The band-pass filter 2 eliminates undesired harmonic waves and synthesis products from the transmission signal TRM(t) thus generated, and the transmission signal TRM(t) is emitted. After passing through a signal path shown in FIG. 1, the phase-shifted sinusoidal signal REC(t) having the form REC(t)=B sin(ω1t−φ) is received, filtered by the second band-pass filter 3 and subsequently amplified by the amplifier 4. Herein the second band-pass filter 3 is adjusted to the frequency f1 of the reception signal REC(t) for suppressing undesired interfering signals, and the amplifier 4 amplifies the reception signal REC(t), which may be strongly attenuated, to an amplitude A prior to further processing.
Moreover the second digital programmable oscillator 5 generates a sinusoidal signal having the form 2 sin(ω2t) and a frequency f2 (ω2=2πf2). This second oscillator 5, just like the first oscillator 1, operates along the principle of direct digital synthesis, or DDS. The second oscillator 1 also receives the first clock signal CLK1 from the crystal stabilized master oscillator 7.
Inasmuch as both the first oscillator 1 and the second oscillator 5 are driven by the same first clock signal CLK1, there is here a possibility to ensure that the frequency f2 presents a highly accurate, constant frequency difference f3 from frequency f1, i.e., f3=f1−f2. This is a very important point as will be seen more clearly from the following description. The signal generated hereby having the form 2 sin(ω2t) is supplied to the third band-pass filter 6 for eliminating undesired harmonic waves and synthesis products.
In the analog mixer M1 the reception signal REC(t) and the generated signal having the form 2 sin(ω2t) are mixed, which is equivalent to multiplication of these two signals when viewed mathematically. This multiplication can be seen from the following equation (6), which is obtained by applying the general mathematical interrelation sine sing=1/2[cos(α−β)−cos(α+β)].
As can be seen from equation (6), the signal obtained by the multiplication contains two cosine-form signal components, with one signal component presenting the sum frequency f1+f2 and the other signal component presenting the differential frequency f1−f2.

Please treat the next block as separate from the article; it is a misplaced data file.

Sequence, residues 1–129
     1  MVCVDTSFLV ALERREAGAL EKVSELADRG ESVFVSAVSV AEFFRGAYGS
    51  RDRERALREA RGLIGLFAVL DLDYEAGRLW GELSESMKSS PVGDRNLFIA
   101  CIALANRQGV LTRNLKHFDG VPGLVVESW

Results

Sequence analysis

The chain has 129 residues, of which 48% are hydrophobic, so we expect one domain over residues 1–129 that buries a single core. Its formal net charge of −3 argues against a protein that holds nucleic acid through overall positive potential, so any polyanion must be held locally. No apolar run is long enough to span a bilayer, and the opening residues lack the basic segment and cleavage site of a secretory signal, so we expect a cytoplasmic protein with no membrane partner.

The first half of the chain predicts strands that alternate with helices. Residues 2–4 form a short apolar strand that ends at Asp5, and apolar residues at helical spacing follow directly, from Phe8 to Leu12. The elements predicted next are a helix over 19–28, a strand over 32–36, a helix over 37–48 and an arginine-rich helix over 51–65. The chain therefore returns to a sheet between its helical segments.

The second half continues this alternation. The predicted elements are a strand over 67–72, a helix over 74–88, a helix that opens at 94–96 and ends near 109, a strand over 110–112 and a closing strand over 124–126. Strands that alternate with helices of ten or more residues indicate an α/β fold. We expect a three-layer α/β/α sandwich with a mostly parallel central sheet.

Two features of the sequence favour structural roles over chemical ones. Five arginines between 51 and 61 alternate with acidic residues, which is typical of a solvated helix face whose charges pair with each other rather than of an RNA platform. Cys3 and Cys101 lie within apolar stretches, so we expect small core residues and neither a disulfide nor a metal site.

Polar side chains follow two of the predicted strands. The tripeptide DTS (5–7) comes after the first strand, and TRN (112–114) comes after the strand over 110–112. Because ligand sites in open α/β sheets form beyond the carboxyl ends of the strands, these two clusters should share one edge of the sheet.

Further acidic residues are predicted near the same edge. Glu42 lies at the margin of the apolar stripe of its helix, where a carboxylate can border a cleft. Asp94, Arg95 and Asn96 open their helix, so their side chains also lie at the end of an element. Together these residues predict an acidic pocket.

By means of the first low-pass filter 8 present downstream from the first mixer M1, the cosine-form signal component together with the sum frequency is filtered out from the multiplication signal, whereby an intermediate frequency signal IF(t) in accordance with the following equation (7) is supplied to the input terminal of the analog-to-digital converter 9.
The above described process is referred to as mixing, wherein an intermediate frequency signal IF(t) is generated which contains the shift phase φ to be determined of the reception signal REC(t) in relation to the transmission signal TRM(t) as well as the amplitude A of interest. Consequently, if the above described frequency difference generated by the second oscillator 5 is very small, then an intermediate frequency signal IF(t) is generated, the frequency of which may be lower by several orders of magnitude than the frequency f1 of the reception signal REC(t) as a result of the relation f3=f1−f2.
For this reason, the intermediate frequency signal IF(t) can without any technical problems be detected and digitized at high resolution by the analog-to-digital converter 9, which is not possible with the reception signal REC(t) because of the high frequency f1 of the reception signal REC(t) generally located in the range of several tens of MHZ.
The analog-to-digital converter 9 also receives a clock signal, clock signal CLK2, from the master oscillator 7.